In line with other investigations into modernity – think of Adorno and Horkheimer’s Dialectic of Enlightenment and Dijksterhuis’ The Mechanization of The World Picture – Van Gerwen’s account starts out from the Enlightenment. The emerging mechanistic sciences focus on observation and experimentation, but because of this they heavily favour objective, observable properties. How things feel, why things are important to us – these questions lie beyond the range of scientific explanation. Van Gerwen’s main thesis is that objective properties of the world are necessary for our subjective experience, but not sufficient. But because of the integration of the scientific view in our view on the world, and the technological and digital developments resulting from it, our subjectivity is seen as redundant and has become increasingly neglected in our culture. This, Van Gerwen argues, is the most pressing problem of our time, even more so than “world hunger or the gap between the rich and poor”. (p. viii)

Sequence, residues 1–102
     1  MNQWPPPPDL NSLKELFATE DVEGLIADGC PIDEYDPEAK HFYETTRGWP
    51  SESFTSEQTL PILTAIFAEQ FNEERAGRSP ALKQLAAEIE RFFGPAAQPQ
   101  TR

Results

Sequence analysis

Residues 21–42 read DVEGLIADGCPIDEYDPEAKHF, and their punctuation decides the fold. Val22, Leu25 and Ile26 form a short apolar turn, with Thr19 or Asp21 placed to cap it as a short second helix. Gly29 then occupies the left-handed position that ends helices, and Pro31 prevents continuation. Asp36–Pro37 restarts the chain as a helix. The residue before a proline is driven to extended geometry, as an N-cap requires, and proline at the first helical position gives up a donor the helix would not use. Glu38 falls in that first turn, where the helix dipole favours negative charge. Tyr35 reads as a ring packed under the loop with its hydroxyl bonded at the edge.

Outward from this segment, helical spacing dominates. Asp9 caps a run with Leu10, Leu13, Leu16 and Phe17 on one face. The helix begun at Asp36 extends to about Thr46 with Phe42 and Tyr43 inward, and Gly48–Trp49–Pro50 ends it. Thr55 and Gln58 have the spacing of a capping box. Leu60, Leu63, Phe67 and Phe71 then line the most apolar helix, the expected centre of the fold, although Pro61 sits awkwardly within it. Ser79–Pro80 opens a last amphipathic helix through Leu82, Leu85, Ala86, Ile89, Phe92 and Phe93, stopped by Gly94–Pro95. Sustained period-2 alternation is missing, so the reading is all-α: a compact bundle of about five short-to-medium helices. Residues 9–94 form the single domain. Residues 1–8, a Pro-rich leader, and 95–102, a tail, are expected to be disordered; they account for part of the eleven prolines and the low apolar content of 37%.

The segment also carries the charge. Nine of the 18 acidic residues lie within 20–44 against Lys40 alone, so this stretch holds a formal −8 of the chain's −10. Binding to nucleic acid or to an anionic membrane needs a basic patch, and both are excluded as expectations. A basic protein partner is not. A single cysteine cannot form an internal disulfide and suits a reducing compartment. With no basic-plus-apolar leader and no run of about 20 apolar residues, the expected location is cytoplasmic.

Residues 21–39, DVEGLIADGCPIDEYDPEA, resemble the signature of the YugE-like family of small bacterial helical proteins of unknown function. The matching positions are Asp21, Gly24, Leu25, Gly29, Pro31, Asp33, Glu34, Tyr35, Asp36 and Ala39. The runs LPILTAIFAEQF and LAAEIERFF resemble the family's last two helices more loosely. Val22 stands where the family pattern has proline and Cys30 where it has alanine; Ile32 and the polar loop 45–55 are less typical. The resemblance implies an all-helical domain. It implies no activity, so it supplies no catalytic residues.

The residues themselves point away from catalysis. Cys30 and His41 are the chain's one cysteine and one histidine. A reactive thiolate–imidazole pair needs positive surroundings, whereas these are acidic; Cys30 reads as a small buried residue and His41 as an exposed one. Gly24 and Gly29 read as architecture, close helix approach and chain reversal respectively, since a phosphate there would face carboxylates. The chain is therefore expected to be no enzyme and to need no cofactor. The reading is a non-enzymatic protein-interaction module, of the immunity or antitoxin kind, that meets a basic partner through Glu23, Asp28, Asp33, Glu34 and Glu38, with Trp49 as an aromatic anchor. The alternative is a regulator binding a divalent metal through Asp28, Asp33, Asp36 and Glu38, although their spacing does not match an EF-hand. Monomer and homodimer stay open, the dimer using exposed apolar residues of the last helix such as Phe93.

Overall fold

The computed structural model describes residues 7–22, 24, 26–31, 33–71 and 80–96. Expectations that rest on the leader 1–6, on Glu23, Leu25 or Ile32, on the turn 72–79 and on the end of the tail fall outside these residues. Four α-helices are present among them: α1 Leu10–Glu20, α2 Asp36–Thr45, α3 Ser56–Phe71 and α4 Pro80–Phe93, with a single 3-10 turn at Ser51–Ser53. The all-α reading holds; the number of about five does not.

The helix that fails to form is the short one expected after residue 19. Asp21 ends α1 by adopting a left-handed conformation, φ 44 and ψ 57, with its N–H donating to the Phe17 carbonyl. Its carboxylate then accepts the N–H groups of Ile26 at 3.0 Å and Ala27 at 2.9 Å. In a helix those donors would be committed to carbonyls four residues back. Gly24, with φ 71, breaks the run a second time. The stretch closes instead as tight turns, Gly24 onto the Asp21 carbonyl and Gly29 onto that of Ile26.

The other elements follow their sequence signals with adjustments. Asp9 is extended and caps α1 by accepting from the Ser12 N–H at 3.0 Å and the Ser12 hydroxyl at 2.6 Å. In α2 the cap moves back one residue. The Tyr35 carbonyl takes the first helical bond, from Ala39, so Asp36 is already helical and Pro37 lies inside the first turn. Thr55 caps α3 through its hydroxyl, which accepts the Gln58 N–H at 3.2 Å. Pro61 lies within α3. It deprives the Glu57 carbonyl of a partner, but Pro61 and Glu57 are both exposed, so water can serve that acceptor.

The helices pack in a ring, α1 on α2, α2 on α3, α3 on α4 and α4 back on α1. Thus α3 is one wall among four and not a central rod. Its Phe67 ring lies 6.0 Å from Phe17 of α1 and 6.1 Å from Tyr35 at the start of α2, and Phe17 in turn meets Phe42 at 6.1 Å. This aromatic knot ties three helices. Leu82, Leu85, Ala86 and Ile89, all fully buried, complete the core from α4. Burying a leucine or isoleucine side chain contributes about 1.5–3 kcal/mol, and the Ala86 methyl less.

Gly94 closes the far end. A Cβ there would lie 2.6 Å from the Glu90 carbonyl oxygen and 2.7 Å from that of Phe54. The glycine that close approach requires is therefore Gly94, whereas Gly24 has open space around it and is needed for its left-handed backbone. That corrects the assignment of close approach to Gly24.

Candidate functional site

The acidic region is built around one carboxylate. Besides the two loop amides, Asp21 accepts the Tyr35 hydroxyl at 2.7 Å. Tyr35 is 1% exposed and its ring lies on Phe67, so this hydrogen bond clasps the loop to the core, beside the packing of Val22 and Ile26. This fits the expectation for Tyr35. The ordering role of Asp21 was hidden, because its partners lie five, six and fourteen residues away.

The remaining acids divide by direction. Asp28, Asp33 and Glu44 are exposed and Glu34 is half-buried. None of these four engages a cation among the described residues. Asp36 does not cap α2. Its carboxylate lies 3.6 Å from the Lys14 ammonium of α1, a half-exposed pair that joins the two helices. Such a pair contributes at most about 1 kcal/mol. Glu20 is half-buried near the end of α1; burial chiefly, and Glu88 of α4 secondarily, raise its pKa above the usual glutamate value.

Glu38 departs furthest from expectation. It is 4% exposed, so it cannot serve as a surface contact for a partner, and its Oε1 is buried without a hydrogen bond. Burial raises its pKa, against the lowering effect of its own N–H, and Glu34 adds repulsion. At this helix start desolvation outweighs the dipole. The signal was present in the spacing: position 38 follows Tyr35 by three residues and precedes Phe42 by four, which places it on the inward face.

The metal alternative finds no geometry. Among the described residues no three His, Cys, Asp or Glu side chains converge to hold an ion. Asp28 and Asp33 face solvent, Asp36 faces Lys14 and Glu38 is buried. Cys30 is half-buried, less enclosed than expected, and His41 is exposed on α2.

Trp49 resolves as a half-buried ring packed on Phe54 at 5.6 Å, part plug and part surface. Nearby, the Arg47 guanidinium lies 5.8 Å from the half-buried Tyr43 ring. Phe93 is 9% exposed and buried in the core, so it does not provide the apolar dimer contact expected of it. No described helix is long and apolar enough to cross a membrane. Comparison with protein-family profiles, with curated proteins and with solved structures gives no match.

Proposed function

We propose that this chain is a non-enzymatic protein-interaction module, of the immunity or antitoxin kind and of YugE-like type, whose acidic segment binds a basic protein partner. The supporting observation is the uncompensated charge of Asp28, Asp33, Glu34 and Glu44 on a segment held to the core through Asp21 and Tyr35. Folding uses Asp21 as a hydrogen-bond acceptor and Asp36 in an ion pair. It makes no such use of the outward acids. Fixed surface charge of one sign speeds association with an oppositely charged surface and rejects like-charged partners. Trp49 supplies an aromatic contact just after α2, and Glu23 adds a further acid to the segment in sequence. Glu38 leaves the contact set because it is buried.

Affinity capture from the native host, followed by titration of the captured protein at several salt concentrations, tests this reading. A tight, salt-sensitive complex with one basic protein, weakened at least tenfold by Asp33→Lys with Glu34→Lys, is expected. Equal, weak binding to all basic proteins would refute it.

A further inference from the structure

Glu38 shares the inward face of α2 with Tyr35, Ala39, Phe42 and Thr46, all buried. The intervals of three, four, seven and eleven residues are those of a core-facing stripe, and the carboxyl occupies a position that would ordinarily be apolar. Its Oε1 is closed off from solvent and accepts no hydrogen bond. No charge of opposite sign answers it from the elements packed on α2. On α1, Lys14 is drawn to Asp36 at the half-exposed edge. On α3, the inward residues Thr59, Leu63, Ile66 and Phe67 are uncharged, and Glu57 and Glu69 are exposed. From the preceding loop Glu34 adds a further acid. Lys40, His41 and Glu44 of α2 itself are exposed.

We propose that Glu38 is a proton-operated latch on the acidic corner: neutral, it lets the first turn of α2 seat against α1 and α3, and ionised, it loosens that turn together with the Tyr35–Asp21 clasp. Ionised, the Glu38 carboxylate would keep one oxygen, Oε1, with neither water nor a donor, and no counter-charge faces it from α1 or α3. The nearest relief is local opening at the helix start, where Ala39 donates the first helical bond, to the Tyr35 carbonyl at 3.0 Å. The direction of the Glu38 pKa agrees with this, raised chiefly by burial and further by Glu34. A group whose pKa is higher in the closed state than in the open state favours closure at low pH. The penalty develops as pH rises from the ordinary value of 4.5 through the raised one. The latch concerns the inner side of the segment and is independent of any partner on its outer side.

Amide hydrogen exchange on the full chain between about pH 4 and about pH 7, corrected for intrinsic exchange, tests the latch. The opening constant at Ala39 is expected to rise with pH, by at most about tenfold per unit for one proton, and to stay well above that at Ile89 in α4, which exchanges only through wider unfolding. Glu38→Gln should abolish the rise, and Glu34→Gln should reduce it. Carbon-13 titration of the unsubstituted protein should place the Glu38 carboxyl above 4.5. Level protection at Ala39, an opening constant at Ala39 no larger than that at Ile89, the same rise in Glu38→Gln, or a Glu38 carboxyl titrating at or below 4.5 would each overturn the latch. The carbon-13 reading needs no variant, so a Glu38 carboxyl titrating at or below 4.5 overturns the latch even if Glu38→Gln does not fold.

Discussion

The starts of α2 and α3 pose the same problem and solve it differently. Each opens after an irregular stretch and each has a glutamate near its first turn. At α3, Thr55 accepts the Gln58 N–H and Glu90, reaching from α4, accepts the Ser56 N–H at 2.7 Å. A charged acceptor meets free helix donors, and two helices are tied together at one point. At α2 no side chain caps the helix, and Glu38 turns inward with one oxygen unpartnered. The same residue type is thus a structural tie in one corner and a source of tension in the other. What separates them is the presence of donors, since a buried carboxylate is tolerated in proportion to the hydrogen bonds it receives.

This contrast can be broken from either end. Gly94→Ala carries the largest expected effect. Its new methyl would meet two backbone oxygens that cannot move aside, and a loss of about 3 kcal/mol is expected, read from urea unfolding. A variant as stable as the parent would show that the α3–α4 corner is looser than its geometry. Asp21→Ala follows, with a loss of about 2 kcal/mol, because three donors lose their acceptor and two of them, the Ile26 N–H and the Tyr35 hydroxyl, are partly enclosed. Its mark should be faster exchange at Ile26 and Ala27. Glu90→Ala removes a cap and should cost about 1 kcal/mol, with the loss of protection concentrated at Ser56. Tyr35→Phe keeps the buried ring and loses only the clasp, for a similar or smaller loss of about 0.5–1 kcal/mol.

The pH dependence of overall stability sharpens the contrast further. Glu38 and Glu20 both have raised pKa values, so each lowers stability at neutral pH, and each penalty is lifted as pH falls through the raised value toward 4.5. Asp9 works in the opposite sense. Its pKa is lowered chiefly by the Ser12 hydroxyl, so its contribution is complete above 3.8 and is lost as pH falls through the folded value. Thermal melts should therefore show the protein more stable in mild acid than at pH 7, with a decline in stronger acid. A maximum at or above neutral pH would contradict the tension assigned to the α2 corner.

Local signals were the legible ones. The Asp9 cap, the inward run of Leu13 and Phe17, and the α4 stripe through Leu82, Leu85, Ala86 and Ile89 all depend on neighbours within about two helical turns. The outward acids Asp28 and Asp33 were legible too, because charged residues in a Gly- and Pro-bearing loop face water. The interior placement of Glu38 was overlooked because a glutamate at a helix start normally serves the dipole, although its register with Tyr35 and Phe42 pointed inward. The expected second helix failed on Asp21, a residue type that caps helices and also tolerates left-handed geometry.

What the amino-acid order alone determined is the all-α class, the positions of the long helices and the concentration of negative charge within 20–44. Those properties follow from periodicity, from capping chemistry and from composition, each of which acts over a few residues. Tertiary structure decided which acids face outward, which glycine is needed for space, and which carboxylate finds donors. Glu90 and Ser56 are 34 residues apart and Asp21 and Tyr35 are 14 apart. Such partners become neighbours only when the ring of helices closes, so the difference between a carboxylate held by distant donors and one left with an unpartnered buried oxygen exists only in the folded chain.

Chapters 2 to 5, the first half of the book, can be seen as an argumentation for, and illustration of, the reality of this increasing neglect. These chapters respectively concern the internet, our conception of knowledge, debates on human finitude and mortality, and, lastly, presence in public space. For each of these domains Van Gerwen brings to attention how the role of our subjectivity is being diminished. For example, the internet provides knowledge and communication – but this communication revolves around the absence of those involved from a shared situation, and is often sent to nobody in particular or unwanted by the receiver, simply guided by algorithms to maximize clicks and views. At the same time, the superficial urgency of texting back distracts us from the (public) environment we are actually engaged in. The facts we look up on Google are exempt of a subjective learning process, including doing our own research and making mistakes. In debates on the prolongation of human life, questions concerning our subjective constitution, such as the quality of life, implications for our motivation and sense of urgency, and the general desirability of a society in which every death becomes a suicide, are of secondary importance.